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CHAPTER 12. A NIGHT WITH DURDLES (continued)
Mr. Sapsea, walking slowly this moist evening near the churchyard with his hands behind him, on the look-out for a blushing and retiring stranger, turns a corner, and comes instead into the goodly presence of the Dean, conversing with the Verger and Mr. Jasper. Mr. Sapsea makes his obeisance, and is instantly stricken far more ecclesiastical than any Archbishop of York or Canterbury.
'You are evidently going to write a book about us, Mr. Jasper,' quoth the Dean; 'to write a book about us. Well! We are very ancient, and we ought to make a good book. We are not so richly endowed in possessions as in age; but perhaps you will put THAT in your book, among other things, and call attention to our wrongs.'
Mr. Tope, as in duty bound, is greatly entertained by this.
'I really have no intention at all, sir,' replies Jasper, 'of turning author or archaeologist. It is but a whim of mine. And even for my whim, Mr. Sapsea here is more accountable than I am.'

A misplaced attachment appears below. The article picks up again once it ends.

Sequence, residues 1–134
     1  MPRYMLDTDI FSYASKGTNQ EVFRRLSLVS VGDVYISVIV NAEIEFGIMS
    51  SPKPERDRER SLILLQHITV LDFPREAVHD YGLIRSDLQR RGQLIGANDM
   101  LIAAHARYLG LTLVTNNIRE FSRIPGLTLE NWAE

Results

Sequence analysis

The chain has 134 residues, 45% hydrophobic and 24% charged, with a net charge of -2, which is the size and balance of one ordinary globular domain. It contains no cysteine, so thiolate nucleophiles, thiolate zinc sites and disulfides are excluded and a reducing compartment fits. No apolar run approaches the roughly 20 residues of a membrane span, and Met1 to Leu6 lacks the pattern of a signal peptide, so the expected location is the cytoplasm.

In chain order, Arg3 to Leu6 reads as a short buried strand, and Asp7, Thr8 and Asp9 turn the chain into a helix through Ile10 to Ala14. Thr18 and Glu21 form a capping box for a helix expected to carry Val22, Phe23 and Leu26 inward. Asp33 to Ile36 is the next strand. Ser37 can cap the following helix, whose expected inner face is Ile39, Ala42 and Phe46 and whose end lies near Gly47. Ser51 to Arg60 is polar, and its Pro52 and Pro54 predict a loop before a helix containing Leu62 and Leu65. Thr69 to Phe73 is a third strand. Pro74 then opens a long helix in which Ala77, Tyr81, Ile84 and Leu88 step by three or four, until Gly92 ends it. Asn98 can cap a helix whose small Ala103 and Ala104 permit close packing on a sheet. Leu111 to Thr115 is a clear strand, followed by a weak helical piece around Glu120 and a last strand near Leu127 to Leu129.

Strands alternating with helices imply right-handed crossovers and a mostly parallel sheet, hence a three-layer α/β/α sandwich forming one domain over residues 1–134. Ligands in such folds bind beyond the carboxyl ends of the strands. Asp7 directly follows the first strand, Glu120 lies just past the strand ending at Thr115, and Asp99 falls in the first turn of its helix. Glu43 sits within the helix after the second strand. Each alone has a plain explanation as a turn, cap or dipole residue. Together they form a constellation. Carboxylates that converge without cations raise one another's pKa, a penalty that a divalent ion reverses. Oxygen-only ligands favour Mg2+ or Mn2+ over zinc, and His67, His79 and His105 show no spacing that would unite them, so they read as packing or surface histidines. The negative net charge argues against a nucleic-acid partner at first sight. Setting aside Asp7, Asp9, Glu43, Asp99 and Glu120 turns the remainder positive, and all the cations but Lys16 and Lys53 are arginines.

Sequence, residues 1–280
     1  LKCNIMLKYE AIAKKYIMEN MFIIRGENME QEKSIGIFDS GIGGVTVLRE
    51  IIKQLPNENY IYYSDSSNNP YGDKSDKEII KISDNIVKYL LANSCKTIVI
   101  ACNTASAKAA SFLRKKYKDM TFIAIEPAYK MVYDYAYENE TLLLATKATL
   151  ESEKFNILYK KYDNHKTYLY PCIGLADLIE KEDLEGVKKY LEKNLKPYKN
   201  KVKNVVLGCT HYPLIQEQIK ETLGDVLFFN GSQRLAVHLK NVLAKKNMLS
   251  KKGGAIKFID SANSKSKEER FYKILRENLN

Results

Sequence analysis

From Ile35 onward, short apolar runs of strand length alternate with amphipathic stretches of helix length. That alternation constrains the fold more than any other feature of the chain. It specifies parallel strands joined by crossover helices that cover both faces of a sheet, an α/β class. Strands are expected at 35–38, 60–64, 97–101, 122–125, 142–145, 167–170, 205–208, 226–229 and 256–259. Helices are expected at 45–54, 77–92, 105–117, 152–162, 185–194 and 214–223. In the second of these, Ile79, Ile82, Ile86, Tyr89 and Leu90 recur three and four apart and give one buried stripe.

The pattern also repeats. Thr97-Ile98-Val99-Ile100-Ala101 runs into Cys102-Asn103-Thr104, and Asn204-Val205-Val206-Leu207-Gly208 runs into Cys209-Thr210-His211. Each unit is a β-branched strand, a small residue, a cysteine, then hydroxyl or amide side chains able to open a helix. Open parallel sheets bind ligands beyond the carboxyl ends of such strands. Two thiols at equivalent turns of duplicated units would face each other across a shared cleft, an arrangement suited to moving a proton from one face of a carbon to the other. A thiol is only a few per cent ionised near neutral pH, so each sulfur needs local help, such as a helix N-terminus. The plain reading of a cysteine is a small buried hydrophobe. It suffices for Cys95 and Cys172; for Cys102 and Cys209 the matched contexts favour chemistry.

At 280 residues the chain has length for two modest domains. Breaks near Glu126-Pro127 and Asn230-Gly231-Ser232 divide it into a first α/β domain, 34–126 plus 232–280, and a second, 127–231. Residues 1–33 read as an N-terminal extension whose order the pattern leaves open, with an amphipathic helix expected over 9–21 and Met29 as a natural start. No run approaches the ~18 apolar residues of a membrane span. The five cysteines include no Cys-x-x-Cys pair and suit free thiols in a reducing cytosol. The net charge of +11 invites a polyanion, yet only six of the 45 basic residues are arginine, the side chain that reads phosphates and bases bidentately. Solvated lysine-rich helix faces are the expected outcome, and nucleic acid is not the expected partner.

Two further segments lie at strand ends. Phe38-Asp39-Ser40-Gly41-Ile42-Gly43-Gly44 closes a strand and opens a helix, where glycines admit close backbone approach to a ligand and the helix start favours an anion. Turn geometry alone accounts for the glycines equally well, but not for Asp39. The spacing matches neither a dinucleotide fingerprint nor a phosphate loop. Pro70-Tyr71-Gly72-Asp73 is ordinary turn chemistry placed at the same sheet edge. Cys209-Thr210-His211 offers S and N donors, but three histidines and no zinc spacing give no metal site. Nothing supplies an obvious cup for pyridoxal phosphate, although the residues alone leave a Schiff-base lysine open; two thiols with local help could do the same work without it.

'How so, Mr. Mayor?' says the Dean, with a nod of good-natured recognition of his Fetch. 'How is that, Mr. Mayor?'
'I am not aware,' Mr. Sapsea remarks, looking about him for information, 'to what the Very Reverend the Dean does me the honour of referring.' And then falls to studying his original in minute points of detail.
'Durdles,' Mr. Tope hints.
'Ay!' the Dean echoes; 'Durdles, Durdles!'
'The truth is, sir,' explains Jasper, 'that my curiosity in the man was first really stimulated by Mr. Sapsea. Mr. Sapsea's knowledge of mankind and power of drawing out whatever is recluse or odd around him, first led to my bestowing a second thought upon the man: though of course I had met him constantly about. You would not be surprised by this, Mr. Dean, if you had seen Mr. Sapsea deal with him in his own parlour, as I did.'
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